Everyday Justice (2018 – 2021)
School for Conflict Analysis and Resolution, George Mason University
US National Science Foundation: Law and Social Sciences Program
In this project, based out of the School for Conflict Analysis and Resolution at George Mason University, I am working with Pamina Firchow to implement innovative, mixed-methods research to understand processes and outcomes of transformative justice efforts in Colombia and the DRC. Scholars largely agree on the importance of reparations for transitions from conflict, but remain divided on how best to conceive of their relationship to justice. This debate, however, lacks a solid empirical base and, with few programs in existence, has remained largely normative. Taking inspiration from the Everyday Peace Indicators project, we are working with communities to derive meaningful – and measurable – indicators of transformative justice through in-depth discussions. These indicators will then be tracked and compared over time and across communities, helping to close the gap in empirical research on reparative outcomes with critical, bottom-up data.
Reparations, Responsibility & Victimhood in Transitional Societies (2017-2020)
International Co-Investigator (Colombia)
School of Law, Queens University Belfast
UK Arts and Humanities Research Council
In this project, based out of the School of Law at Queens University Belfast, I am working with Luke Moffett and others to compare the legal design and implementation of national reparations programs in six countries: Northern Ireland, Uganda, Nepal, Guatemala, Peru, and Colombia. Through document review and semi-structured interviews, the team of interdisciplinary transitional justice scholars is investigating issues related eligibility and complex victimhood; acknowledgement and truth recovery; victim ownership, mobilisation and participation; accountability of state and non-state actors; and finance and development. The project will produce scholarly papers as well as policy guidelines and handbooks to guide decision-makers and practitioners in the design and implementation of reparations programs.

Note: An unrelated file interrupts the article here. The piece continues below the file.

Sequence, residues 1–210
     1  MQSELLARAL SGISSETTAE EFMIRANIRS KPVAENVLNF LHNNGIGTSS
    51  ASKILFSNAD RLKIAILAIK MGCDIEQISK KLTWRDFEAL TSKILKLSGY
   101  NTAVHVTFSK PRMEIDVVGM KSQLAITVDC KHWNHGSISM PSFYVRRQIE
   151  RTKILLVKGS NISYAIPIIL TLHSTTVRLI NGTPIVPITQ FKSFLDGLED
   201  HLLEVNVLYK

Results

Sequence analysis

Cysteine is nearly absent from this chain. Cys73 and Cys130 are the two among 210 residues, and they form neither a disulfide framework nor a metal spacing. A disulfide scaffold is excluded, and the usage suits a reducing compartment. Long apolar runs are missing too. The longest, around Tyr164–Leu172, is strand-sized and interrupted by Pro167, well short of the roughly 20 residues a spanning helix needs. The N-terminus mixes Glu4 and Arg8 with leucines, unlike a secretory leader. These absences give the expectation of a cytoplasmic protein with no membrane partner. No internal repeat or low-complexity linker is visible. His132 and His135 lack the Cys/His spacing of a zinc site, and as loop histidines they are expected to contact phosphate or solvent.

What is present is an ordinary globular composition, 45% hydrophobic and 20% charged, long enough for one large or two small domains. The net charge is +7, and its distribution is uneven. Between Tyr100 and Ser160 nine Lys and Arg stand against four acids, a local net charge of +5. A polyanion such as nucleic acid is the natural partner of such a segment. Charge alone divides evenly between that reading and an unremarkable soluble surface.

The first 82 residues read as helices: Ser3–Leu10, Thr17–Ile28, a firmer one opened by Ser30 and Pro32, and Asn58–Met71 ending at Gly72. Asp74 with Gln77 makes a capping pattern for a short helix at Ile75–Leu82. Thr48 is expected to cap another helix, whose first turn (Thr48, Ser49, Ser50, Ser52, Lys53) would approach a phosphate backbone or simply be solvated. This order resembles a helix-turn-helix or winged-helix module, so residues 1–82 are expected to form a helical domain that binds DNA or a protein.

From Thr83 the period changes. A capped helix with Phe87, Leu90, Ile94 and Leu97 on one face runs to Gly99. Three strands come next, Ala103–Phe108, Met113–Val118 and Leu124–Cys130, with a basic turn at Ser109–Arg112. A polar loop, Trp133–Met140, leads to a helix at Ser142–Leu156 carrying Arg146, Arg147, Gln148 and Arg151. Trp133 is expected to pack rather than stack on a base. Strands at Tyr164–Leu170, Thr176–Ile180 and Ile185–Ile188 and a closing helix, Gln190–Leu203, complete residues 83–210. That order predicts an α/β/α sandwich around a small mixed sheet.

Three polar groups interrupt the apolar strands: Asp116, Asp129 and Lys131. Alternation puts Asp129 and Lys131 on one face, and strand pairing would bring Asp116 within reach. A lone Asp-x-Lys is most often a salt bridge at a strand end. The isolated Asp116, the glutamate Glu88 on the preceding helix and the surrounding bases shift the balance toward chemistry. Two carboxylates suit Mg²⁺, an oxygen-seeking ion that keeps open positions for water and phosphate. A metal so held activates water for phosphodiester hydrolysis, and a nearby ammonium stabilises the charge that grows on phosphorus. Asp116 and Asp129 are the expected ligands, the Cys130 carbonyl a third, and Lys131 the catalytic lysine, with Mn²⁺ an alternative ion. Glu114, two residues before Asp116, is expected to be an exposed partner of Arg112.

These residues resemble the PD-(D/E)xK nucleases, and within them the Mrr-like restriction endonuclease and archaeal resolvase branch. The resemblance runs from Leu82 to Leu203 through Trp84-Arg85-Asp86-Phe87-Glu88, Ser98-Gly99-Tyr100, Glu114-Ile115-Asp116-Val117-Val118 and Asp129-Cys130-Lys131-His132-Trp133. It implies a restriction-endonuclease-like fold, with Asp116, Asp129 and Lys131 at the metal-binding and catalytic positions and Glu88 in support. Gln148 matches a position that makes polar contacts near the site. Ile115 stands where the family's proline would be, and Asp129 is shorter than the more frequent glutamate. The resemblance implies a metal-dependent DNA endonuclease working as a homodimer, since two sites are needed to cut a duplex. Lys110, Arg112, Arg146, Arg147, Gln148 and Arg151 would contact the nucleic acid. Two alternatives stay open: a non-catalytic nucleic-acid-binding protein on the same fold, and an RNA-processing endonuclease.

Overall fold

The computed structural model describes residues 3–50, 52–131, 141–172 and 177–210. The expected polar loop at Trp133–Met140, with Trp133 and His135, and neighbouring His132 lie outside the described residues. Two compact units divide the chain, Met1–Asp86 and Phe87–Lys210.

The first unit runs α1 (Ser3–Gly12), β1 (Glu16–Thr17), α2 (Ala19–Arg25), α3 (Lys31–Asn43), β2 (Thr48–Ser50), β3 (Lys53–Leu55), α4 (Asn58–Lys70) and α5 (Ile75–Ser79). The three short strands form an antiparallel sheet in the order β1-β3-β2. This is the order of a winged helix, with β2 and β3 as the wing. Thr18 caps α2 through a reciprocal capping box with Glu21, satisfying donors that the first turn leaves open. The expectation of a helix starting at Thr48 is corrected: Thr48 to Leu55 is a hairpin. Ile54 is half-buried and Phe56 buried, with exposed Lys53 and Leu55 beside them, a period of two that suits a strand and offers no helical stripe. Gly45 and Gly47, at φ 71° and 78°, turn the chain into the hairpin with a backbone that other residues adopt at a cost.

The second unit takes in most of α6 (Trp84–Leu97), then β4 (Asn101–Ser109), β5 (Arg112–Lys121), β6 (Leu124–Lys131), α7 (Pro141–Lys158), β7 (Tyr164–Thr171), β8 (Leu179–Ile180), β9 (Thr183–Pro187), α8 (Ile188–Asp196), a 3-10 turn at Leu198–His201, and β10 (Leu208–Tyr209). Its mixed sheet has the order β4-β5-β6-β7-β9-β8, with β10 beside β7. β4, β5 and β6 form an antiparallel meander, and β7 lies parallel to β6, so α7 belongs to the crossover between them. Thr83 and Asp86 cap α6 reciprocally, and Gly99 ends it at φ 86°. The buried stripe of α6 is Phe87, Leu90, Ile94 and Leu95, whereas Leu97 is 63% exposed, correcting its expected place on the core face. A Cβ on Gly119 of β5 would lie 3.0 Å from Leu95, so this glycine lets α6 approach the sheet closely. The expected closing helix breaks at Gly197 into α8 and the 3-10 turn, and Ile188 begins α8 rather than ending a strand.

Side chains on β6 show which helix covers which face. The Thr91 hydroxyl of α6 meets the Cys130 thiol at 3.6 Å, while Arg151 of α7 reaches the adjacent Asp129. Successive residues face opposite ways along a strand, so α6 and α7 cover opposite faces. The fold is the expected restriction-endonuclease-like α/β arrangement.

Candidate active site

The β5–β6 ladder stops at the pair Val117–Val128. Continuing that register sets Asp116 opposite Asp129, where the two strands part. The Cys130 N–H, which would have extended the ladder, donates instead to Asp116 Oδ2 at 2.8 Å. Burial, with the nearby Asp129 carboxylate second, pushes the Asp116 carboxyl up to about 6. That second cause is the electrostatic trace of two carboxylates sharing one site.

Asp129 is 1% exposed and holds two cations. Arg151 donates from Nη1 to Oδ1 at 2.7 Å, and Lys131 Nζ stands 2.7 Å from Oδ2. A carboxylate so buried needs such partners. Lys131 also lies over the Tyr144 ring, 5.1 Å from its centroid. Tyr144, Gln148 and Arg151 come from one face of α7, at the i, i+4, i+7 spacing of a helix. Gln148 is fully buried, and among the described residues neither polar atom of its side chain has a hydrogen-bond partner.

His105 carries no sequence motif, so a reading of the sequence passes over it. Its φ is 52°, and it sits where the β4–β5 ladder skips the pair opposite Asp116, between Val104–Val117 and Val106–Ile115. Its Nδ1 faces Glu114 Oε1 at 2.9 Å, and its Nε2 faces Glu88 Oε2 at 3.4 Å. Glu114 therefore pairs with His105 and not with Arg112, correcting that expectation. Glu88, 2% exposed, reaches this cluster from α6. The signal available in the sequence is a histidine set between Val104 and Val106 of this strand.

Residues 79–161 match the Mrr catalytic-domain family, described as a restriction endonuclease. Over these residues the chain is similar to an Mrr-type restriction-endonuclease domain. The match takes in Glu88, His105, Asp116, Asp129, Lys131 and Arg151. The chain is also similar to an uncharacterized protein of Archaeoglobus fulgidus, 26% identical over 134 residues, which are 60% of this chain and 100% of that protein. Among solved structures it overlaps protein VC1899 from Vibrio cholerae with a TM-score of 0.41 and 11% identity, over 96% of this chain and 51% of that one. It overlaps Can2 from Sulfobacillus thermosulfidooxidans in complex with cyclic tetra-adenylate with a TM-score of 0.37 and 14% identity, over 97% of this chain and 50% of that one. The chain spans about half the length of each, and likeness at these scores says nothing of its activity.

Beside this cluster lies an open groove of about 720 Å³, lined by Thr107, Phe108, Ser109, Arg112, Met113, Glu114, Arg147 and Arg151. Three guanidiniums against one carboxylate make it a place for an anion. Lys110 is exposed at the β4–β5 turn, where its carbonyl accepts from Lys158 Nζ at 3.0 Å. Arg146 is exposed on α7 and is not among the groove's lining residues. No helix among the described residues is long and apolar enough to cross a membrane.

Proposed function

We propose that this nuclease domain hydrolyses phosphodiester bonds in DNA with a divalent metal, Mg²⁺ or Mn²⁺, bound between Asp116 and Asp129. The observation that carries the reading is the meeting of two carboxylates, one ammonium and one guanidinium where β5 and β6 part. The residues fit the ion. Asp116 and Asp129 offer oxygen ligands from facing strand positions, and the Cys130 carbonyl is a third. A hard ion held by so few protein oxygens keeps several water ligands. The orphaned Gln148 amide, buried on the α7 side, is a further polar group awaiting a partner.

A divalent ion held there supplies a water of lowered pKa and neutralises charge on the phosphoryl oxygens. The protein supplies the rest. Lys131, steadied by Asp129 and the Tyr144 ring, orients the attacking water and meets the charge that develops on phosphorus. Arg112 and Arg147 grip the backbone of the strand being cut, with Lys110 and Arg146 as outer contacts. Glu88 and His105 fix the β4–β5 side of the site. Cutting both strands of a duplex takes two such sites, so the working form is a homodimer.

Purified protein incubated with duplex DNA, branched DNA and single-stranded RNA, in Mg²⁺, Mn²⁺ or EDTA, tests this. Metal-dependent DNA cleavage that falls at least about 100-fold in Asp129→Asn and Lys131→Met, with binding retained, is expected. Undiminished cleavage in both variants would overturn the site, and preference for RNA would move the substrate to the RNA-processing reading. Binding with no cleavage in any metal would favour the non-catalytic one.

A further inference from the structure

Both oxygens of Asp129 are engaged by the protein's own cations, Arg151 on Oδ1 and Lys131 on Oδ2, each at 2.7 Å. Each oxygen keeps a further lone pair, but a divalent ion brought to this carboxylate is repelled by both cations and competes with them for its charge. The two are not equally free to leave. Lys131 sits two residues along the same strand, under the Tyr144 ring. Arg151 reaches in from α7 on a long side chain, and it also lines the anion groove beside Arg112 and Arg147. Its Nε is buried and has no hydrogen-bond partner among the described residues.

This project brought together an interdisciplinary team of researchers to conduct a multidimensional evaluation of Colombia’s national Victims’ Unit, established through the historic Law 1448 of 2011. Law 1448 set in place the world’s largest national reparations programs to date, with almost 20% of Colombia’s population registered as victims of the armed conflict. The evaluation assessed the work and impact of the Victims’ Unit on three levels: (1) cross-nationally, in comparison with other national, administrative reparations programs (focusing on Indonesia, Peru, and Guatemala), (2) institutionally, through an in-depth analysis of the Unit’s internal organizational structures and external relationships, and (3) on the ground, through nationally representative surveys of victims of the armed conflict and the national population. Findings from the evaluation are available in an executive summary and co-authored paper.